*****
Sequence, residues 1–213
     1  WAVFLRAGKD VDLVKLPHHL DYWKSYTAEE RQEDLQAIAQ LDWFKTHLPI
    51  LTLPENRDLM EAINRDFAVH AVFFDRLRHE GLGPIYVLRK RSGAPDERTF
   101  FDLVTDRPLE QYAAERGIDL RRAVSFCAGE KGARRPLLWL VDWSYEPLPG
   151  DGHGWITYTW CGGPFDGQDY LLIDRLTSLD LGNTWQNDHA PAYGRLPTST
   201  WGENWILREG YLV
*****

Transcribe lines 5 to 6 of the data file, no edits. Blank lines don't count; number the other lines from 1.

   151  DGHGWITYTW CGGPFDGQDY LLIDRLTSLD LGNTWQNDHA PAYGRLPTST
   201  WGENWILREG YLV